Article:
Understanding Reinforced Autoclaved Aerated Concrete (RAAC) 

Reinforced Autoclaved Aerated Concrete (RAAC) is a lightweight concrete material prominently utilised in construction from the 1950s to the mid-1990s. Its primary applications included the formation of lightweight structural units like roof planks, wall/floor panels, and lightweight masonry blocks. It is worth highlighting that some buildings constructed during this period may contain components made of RAAC. Given recent developments regarding school closures, concerns regarding the integrity of buildings are certainly warranted. 

Appraising the lifespan of RAAC 

Originally designed with an approximate lifespan of 30 years, most RAAC elements in buildings have now exceeded this. RAAC is also susceptible to structural compromise upon exposure to moisture due to its aerated composition, allowing moisture infiltration and subsequent degradation. As it was typically deployed within structural elements such as planks constituting intermediate floors or roofs, RAAC components are often concealed beneath ceilings or other internal finishes.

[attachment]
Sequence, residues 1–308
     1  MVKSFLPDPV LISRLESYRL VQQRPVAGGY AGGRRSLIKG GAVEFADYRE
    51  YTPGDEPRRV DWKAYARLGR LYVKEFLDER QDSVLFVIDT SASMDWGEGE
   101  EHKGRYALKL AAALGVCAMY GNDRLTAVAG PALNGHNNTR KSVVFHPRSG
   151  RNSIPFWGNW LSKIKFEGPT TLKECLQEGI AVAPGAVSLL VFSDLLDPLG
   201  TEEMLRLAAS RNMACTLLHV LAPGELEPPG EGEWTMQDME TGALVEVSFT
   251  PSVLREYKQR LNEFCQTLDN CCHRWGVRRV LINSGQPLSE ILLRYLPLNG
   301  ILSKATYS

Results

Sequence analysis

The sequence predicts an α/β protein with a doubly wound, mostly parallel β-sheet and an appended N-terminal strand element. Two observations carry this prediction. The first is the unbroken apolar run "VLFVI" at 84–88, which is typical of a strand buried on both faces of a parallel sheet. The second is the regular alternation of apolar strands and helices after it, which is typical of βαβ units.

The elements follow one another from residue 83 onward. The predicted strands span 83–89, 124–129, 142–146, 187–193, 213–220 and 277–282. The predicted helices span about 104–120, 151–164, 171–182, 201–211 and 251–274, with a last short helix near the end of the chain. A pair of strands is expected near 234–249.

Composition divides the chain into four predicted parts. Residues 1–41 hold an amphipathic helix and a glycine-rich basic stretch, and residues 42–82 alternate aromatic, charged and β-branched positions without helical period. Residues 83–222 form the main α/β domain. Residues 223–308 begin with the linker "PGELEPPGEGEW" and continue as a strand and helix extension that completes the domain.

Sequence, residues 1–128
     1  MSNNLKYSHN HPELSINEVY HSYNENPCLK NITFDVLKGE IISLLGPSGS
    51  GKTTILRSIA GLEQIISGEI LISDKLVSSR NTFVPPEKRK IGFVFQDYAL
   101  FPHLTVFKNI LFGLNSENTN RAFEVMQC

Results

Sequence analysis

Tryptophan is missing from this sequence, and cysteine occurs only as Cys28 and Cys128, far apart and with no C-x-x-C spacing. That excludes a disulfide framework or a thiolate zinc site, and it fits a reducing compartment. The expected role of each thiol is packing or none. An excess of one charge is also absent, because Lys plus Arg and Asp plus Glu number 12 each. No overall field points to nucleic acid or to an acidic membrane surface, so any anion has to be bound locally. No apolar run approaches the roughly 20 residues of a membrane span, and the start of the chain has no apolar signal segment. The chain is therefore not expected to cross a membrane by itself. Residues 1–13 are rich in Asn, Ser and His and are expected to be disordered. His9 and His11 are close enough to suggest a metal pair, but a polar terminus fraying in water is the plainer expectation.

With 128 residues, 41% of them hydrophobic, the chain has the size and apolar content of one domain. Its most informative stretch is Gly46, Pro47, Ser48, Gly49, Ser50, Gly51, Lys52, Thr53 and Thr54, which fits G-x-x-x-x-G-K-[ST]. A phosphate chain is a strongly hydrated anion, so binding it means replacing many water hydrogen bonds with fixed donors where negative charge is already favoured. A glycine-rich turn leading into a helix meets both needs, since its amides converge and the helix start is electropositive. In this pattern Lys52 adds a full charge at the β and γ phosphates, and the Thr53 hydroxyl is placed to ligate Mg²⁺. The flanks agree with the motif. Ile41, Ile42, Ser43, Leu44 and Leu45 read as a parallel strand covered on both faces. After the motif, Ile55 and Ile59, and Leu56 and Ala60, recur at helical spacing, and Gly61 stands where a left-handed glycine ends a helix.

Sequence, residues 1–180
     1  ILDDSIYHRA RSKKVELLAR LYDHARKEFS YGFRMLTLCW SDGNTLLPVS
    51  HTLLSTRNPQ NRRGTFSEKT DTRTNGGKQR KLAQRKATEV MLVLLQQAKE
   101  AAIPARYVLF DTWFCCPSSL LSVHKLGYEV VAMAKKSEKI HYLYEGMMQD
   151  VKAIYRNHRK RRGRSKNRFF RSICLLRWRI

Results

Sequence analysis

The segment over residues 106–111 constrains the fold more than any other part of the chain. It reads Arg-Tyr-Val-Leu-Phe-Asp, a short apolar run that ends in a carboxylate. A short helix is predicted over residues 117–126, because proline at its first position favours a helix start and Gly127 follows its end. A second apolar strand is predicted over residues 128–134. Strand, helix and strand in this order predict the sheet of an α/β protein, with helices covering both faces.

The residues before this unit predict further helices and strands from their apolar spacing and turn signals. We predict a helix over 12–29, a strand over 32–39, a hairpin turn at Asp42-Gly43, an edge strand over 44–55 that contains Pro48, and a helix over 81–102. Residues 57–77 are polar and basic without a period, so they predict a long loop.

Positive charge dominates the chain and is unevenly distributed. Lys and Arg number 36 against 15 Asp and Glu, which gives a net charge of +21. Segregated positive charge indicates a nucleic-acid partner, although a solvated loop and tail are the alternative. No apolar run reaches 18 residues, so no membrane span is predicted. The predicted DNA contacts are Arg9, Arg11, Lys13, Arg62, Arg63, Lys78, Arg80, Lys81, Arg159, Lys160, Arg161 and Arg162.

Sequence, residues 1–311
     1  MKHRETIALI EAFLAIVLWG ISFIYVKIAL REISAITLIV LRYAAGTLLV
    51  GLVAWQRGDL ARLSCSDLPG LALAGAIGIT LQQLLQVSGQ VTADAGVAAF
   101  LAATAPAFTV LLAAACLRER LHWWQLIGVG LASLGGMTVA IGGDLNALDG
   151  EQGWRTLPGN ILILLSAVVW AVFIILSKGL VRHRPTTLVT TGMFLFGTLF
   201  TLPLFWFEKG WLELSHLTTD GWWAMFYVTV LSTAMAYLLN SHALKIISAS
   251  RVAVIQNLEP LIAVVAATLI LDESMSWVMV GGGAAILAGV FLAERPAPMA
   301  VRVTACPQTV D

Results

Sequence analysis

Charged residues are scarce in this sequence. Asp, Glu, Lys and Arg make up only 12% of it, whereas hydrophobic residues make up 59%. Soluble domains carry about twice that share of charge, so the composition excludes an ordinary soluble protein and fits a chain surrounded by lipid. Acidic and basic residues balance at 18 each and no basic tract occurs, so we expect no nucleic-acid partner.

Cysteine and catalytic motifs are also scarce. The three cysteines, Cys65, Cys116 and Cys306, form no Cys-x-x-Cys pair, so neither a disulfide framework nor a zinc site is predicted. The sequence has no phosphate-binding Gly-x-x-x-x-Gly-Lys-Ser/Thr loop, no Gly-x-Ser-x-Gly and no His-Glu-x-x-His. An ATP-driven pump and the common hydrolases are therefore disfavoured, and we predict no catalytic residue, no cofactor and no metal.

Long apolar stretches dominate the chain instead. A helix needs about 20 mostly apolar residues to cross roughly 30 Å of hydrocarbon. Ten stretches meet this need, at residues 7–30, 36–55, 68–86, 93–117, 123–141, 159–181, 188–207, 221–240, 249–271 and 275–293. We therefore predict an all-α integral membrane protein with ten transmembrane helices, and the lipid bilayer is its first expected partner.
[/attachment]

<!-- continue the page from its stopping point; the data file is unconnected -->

Conducting a thorough assessment 

For those overseeing properties where RAAC may have been used, a comprehensive audit to ascertain its presence is required. A good first step is to review the historical construction documents associated with the building. It may be worth contacting the local authority for documentation if records are incomplete. However, it’s important to exercise caution, as the actual construction might deviate from the depictions in the architectural drawings. 

Pursuing in-depth investigation 

If there is a suspicion regarding the presence of RAAC within a church premises, engaging a qualified surveyor for a comprehensive investigation and confirmation is advisable. Given the time frame during which RAAC products were utilised, proximity to asbestos-containing materials such as ceiling void boarding is possible. Churches should make their asbestos survey and management plans available to any surveyors or contractors carrying out investigations. If the church does not have an asbestos survey and management plan in place, it would be prudent for one to be carried out by a qualified surveyor alongside any investigations. Should RAAC be suspected, the surveyor may need to remove parts of the building to gain access to the RAAC and check its condition. It is important to note that any subsequent recommendations made by the surveyor will need to be followed.  

Find a surveyor  

A list of suitable surveyors can be found on the RICS website.  

More information 

More detailed information about RAAC can be found on the RICS website RICS website or UK Government website